Child Marriage: A Curse in the Name of Culture
By Samjhana Phuyal
From June 20-21, the United Kingdom All-Party Parliamentary Group on Population, Development and Reproductive Health held a hearing on the issue of child marriage to present findings on the cultural tradition of marrying girls far too young to be brides, the complex barriers keeping this practice alive, and the solutions to stop child marriage. The testimony below is submitted by Samjhana Phuyal an active member of the White Ribbon Alliance in Nepal (Safe Motherhood Network Federation) and Programme Officer for Rural Women Development and Unity Centre, the first women-led NGO to be established in the far western development region of Nepal.
Child marriage has existed since time immemorial in Nepal; however, a positive trend is emerging. According to Nepal’s 2011 Demographic Health Survey, there has been a marked increase in median age at marriage among women age 20-49 over the last 15 years, from 16.4 years in 1996 to 17.8 years in 2011.
Just 25-30 years ago, it was common for children as young as six, seven, or eight to have been married through matches arranged by their parents. Personally, I was shocked when I learned that my grandmother married my grandfather at age seven, while he was only nine years of age. In this time, children were simply notified by their elders that they had been married—they had no choice but to accept each other as spouses and begin to cohabit along with the husband’s extended household.
Samjhana Phuyal (center) with her grandmother Kamala Devi Phuyal (left) and daughter Samrin Rani (right).
Though I share the story of my own grandmother, her experiences are representative of the many Nepalese women who are victims of child marriage. When my grandmother joined her new extended family, her days began as early as 3 o’clock in the morning. She was responsible for all of the grinding work (using a traditional tool known as a dhiki/jato). She was also responsible for fetching water, carrying heavy loads of cow and buffalo dung to fertilize the fields, cutting fodder, washing clothes and dishes, sweeping and mopping, cooking for the entire family, among other tasks.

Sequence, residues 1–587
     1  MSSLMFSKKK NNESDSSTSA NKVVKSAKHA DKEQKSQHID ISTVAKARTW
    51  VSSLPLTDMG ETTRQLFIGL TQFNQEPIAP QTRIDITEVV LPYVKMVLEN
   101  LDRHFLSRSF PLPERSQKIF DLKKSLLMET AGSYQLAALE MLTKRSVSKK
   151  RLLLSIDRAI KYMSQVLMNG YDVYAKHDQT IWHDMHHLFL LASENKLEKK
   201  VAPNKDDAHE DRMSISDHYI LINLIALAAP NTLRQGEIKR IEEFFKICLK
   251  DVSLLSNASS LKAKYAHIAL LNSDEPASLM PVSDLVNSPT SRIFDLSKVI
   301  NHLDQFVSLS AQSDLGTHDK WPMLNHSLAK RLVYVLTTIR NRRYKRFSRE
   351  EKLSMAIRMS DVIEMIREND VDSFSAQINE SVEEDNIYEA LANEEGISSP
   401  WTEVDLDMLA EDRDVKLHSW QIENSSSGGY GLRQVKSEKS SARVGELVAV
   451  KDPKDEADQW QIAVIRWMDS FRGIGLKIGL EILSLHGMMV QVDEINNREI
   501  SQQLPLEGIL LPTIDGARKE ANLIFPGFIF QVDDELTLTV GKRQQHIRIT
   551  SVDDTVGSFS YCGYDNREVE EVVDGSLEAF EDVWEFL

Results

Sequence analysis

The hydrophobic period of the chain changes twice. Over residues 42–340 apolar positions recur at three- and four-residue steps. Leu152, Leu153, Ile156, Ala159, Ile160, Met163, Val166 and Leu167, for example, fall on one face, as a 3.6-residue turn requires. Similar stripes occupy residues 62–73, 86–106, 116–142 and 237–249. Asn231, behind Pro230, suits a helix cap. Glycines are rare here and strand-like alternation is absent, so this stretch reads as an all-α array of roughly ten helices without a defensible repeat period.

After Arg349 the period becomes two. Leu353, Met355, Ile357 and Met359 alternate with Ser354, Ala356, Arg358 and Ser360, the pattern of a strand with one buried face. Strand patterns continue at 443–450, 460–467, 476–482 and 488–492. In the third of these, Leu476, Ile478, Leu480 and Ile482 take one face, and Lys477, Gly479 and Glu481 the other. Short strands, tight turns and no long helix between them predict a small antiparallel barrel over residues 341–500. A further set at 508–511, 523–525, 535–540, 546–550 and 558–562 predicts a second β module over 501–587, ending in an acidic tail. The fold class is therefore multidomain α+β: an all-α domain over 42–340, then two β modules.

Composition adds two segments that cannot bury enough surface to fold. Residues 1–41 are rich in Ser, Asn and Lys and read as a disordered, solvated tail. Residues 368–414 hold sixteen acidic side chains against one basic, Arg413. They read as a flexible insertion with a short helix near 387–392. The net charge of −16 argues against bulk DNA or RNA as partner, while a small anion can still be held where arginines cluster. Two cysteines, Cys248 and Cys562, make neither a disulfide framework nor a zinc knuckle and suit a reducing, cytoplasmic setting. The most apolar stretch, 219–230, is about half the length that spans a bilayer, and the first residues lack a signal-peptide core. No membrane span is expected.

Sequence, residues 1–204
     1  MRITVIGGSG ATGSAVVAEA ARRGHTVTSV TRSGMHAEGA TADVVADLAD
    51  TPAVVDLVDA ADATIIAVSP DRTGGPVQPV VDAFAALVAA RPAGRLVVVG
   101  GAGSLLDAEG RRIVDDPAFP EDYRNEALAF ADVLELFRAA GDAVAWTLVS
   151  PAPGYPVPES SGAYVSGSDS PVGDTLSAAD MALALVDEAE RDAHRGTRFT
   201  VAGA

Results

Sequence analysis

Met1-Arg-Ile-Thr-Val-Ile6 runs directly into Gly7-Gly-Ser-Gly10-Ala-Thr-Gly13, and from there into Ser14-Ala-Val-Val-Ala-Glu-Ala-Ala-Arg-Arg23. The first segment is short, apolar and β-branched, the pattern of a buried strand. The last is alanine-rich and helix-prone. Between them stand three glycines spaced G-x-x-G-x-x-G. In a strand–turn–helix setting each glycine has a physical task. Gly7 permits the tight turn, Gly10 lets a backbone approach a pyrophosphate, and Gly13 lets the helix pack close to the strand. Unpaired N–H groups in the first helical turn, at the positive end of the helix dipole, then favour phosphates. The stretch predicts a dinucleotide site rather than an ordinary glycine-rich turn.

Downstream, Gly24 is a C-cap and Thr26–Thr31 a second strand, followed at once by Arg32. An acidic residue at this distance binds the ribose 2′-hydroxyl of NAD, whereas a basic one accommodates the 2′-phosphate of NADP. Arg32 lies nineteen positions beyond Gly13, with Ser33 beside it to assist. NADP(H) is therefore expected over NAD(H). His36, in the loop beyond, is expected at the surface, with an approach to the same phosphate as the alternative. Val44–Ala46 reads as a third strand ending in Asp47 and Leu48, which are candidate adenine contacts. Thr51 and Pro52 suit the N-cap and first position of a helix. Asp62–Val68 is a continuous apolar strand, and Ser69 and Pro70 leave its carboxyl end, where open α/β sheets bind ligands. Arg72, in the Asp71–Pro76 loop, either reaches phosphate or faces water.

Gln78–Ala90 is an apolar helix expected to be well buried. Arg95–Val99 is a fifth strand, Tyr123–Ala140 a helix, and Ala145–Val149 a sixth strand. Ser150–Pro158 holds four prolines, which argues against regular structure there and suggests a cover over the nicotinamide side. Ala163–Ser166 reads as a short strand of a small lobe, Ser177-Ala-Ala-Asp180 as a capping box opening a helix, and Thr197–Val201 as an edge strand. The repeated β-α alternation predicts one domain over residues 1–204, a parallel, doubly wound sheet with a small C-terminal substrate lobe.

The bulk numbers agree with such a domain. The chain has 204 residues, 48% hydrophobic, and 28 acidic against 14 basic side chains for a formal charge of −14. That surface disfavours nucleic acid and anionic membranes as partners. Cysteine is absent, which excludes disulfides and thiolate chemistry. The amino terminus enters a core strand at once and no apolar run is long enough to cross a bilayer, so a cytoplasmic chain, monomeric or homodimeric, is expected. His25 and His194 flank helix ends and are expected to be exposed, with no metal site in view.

Since she was married at such a young age, my grandmother was destined to suffer many hardships. At the tender age of seven she was unreasonably busy with all the household and agricultural work. To go to school and study was unimaginable for her, although her husband could go to school even after their marriage. In those days, she wanted to eat delicious food and wear pretty clothes. But she had to be satisfied with the inadequate amount of food that was provided to her. She used to feel very hungry.
When she was fourteen, she gave birth to her first child, who died within a month. The second child also died a few months after birth. After that she had several miscarriages, and between them she was confined and expected to do all the work mentioned earlier
Today, my grandmother is 82 years old. She has five children (three sons and two daughters), as well as 14 grandchildren. Last year she underwent surgery for uterine prolapsed, a condition which she had been suffering from for two or three decades. Although she was suffering, she was unable to tell anyone, including her husband, because of lack of knowledge and confidence.
According to the 2011 NDHS, girls are still marrying relatively early. Among women aged 25-49, 55% were married by age 18, with the median age at first marriage (among women age 25-49) being 17.5 years –younger than 18, the age below which people are still defined as children by the United Nations Convention on the Rights of the Child.